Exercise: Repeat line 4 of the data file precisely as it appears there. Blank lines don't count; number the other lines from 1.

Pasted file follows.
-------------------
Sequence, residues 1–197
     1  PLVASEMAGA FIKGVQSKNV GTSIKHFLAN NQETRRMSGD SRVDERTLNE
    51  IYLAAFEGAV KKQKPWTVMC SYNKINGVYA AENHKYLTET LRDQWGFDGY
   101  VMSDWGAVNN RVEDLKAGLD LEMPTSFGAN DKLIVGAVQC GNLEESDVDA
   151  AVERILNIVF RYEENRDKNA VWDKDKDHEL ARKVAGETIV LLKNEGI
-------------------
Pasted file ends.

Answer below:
   101  VMSDWGAVNN RVEDLKAGLD LEMPTSFGAN DKLIVGAVQC GNLEESDVDA